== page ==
The Appalachian Power Company Along the New River: The Defeat of the Blue Ridge Project in Historical Perspective

TR Number
Journal Title
Journal ISSN
Volume Title
Virginia Tech

The Appalachian Power Company is an operating company of the American Electric Power Company, the largest electricity producing private electric system in the United States since 1953. The Appalachian Power Company held almost exclusive development rights along the New River since its 1911 charter. From then until the 1940s, it built a few small dams, a very large hydroelectric dam with the highest generating capacity of its time, and the largest steam plant in Virginia on the New River. Besides a few navigation issues, conflicting developments, and brief clashes with the federal government, seen in Chapter Two of this thesis, the Appalachian Power Company's developments along the New River went largely unchallenged until the late-1960s.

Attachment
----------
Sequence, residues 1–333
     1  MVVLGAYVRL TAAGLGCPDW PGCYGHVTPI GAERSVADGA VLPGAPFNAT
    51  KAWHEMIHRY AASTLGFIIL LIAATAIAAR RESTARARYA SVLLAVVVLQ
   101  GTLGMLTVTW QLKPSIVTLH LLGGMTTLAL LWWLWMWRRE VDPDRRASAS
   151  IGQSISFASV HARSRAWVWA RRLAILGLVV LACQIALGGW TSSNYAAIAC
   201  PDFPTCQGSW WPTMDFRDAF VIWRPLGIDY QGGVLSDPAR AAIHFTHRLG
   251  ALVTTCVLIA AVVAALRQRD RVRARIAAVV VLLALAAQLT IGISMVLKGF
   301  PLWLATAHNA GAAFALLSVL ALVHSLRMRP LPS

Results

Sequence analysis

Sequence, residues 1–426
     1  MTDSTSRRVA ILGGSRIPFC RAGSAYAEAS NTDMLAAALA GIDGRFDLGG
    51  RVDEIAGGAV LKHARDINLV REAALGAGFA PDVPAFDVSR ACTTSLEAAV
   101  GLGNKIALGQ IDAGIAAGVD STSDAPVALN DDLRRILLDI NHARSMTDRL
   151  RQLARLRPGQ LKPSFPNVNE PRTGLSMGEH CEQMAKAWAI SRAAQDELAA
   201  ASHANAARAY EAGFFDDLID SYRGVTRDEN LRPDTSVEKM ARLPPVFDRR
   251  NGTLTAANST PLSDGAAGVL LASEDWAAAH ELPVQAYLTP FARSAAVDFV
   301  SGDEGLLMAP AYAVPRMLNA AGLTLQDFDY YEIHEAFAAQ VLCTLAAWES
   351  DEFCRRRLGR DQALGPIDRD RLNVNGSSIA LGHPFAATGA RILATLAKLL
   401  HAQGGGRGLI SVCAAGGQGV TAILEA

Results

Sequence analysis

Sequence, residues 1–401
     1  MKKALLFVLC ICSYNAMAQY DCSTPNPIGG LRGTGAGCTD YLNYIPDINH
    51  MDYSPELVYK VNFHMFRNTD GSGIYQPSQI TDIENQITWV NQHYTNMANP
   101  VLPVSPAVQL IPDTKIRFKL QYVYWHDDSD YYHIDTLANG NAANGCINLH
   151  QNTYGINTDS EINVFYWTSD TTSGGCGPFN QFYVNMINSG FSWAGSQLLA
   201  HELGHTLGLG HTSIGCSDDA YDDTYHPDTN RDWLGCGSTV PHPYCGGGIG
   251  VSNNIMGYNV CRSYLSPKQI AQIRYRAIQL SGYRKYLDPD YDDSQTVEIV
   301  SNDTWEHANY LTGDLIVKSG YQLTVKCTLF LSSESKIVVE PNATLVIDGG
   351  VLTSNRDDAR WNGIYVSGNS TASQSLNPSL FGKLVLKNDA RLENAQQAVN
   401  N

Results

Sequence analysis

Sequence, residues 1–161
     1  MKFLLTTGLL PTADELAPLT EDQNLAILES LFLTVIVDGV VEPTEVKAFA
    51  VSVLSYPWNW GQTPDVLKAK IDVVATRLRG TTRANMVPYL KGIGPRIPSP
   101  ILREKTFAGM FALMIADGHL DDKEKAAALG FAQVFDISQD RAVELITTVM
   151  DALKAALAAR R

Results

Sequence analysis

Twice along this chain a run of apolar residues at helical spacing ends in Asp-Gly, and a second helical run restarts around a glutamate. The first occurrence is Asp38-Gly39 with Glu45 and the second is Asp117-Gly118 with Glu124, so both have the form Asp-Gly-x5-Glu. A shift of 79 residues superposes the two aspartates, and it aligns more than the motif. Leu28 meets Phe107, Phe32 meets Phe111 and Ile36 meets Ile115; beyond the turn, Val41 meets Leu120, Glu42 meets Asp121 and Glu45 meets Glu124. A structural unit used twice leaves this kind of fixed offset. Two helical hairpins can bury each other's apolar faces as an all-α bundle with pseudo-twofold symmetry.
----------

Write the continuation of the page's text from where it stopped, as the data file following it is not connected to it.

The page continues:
The Blue Ridge Project was the utility's next large hydroelectric project on the New River. It was slated to impound the waters of the upper New River in Grayson County, Virginia, with two reservoirs extending into the river's headwaters in the counties of Ashe and Alleghany in northwestern North Carolina. Though the initial project met no serious opposition, environmental lawyers and the State of North Carolina defeated a considerably enlarged version of the proposal after a legal battle lasting over a decade. Why was this double impoundment not successfully constructed? What had changed in the last decades to influence Appalachian Power's previously unchallenged right to generate electricity along the New River? The purpose of this thesis is to answer these questions.

New River Valley, Appalachian Power Company, New River, Dams, Environmental Movement, Blue Ridge Project